We were flying over to Perth to play a show with our new buddies Adam Said Galore and Braving the Seabed. It was some time after The Pointless Gift had come out but before Fake Our Deaths. When we were still giggling in radio interviews and not knowing what the hell we were doing but having a lot of fun anyway. The band was starting to experiment with instrument swapping, largely due to Dan joining the band and being able to play a few instruments other than drums. Simon was keen to switch from bass to drums for a song, so we worked up this tune from a slow riff in rehearsal.
By the time we flew to Perth I was seriously ill with a flu. The pressure in my head when landing was monumental, leaving me with a serious ear ache and swollen neck glands. I couldn’t talk, found myself on the floor of Rob from Braving the Seabed’s house, in the middle of summer, sweating and shivering, in a bedroom with just long beads hanging from where a door should’ve been. All over the house were trinkets and Betty Page pictures and psychedelic lamps and knick knacks that were each individually beautiful but thrown together created an insane, woozy dreamscape. Rob’s Mum was boiling me heroic amounts of garlic and ginger, which I’d struggle to get down, stinking, before lying useless on the floor in sweat and shorts, listening to the band and our friends mill barefoot around the open house in the still heat. At some point Rob played me his favourite Talk Talk song and it still reminds me of lying comatose in a warm wood house in Perth, drifting, delusional and somehow comforted by being completely resigned to the illness.
They got me to a doctor at some point who said that my flight home to Melbourne could be dangerous, potentially causing a punctured eardrum if I wasn’t careful. All I remember is that the gutters in the street were red, being completely disappointed I couldn’t hang out with everyone and wanting a can of Coke.
At some point we had a show to play. That day about midday we went into a boxy little black room that was Simon Struthers (ASG) studio, with borrowed amps and (I think) a short reel of 1/4 inch tape. After a long time setting up, we fiddled around with the song a few times and recorded ‘The Point In The War Where We Knew We Were Lost’ live, with Simon on drums, Dan on bass, me fingerpicking and Leigh on a beautiful second guitar line. Simon was thrilled with his drum roll near the end. We had to cut the song a bit short so it would fit on the tape; in hindsight, a good thing. I recorded a few vocals but I was so sick and clogged up it sounded like I was singing through my nose. That night we played a show somewhere; maybe with Braving the Seabed and Adam Said Galore at the Amplifier. I don’t remember it much, except for wanting to be there and not really being able to. And drinking a lot of scotch.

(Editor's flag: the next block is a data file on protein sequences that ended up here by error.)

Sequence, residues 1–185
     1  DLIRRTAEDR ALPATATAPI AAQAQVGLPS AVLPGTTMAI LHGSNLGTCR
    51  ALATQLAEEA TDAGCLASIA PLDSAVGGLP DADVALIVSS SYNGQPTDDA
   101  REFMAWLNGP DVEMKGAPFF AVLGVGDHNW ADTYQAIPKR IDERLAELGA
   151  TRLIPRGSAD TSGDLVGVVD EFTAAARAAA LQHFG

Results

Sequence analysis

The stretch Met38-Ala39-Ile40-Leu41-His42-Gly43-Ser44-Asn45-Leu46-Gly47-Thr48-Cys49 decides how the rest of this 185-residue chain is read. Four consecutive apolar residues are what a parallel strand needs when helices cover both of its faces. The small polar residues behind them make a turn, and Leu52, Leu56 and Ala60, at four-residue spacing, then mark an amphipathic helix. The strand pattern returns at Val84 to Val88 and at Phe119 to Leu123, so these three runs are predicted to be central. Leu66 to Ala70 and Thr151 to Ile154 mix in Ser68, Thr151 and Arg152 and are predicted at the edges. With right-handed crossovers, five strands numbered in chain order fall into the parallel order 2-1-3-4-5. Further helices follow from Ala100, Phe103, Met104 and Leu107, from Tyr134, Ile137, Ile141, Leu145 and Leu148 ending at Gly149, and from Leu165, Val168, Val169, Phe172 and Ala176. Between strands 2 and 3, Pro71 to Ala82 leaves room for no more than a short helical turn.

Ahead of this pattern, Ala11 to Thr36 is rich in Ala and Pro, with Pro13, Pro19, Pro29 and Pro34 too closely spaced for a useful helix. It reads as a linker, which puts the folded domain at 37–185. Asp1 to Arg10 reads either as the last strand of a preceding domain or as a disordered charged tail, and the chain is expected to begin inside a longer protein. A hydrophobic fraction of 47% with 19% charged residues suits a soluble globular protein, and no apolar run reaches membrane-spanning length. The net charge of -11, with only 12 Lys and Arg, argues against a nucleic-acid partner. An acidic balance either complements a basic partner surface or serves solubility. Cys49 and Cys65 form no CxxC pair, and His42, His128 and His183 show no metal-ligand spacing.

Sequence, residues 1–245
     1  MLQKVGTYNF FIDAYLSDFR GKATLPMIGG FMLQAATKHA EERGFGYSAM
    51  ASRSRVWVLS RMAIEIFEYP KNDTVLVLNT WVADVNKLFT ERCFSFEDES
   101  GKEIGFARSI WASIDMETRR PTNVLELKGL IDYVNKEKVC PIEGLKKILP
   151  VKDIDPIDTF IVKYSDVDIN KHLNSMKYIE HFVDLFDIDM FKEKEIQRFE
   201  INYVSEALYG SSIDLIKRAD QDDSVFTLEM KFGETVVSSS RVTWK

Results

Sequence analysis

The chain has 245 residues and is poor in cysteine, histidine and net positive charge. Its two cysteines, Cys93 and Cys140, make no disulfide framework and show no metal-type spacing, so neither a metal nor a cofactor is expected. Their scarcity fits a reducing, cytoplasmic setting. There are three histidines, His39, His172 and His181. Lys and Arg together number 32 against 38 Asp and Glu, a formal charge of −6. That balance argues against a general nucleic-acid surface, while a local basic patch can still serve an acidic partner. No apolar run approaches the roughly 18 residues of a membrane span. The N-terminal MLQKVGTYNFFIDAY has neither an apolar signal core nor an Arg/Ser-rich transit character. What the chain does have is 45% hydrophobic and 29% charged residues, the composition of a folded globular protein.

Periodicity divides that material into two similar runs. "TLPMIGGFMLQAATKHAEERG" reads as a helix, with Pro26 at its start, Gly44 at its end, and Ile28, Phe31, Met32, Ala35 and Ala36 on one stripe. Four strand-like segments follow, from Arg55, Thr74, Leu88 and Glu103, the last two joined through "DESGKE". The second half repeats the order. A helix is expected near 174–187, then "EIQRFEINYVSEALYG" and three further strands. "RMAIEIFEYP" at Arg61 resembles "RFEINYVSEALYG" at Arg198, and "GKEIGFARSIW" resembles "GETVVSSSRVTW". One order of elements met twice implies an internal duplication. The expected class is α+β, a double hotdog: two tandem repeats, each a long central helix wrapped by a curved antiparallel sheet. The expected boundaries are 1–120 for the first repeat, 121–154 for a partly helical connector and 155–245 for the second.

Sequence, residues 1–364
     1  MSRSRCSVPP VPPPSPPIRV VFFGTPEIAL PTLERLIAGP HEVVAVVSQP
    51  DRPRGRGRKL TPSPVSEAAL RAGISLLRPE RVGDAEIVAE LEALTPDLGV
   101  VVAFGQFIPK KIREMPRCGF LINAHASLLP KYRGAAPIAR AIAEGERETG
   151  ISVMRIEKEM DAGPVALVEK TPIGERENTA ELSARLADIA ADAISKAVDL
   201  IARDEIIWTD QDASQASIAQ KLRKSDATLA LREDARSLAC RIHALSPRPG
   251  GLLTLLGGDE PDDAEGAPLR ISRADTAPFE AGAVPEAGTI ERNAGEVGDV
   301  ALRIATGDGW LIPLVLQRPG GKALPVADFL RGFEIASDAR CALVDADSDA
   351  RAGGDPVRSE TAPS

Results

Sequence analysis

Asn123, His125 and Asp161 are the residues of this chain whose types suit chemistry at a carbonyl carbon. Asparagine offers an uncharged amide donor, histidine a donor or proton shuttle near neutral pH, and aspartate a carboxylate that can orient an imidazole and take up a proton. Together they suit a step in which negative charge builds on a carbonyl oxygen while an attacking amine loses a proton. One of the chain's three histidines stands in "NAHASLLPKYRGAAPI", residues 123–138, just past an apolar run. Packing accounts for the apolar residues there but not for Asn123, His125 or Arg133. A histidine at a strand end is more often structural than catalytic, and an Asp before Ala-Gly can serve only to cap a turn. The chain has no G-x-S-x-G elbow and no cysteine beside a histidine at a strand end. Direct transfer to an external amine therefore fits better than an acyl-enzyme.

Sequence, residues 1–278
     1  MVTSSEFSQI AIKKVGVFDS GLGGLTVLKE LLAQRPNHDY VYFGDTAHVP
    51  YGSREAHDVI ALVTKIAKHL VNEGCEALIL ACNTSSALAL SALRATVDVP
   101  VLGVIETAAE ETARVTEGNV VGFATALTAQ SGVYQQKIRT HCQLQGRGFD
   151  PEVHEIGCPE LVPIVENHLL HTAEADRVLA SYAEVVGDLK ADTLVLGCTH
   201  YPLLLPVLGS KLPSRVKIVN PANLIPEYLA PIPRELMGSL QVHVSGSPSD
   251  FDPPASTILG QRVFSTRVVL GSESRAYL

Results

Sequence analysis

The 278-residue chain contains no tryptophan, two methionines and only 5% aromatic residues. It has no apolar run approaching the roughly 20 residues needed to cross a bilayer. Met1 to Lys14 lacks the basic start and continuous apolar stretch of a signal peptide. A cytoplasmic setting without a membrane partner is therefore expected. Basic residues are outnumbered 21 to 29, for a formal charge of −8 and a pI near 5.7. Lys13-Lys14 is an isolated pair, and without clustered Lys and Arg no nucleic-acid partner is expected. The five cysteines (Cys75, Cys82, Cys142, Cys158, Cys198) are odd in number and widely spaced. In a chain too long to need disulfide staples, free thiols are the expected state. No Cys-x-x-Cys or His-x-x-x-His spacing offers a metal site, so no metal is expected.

I spent the next day trying to record the vocals at Struther’s suburban sharehouse. Dan from Bluetile Lounge was there drinking longnecks, and at some point Struthers played us stuff from the joke country band they’d started together, called ‘Still’. It was – like everything those guys touched – amazing. (I still have a copy). I could barely sing a note; every time I tried to breathe my lungs wouldn’t take any oxygen in. I’d try and hold a note and my chest would wheeze and the snot and phlegm in my head would rattle and bounce against my vocal chords like a marble down a slide. It was brutal. Somehow, through drinking copious amounts of hot water, on a boiling hot summer day, in a floorboarded room with a patient Struthers in the room next door; headphones on, leads trailing down the hall, we got it done.
The song came out on a split 7″ with Braving The Seabed in about 2001. I sound sick and distant, but it makes the song (and what it’s about) sounds just the way it should.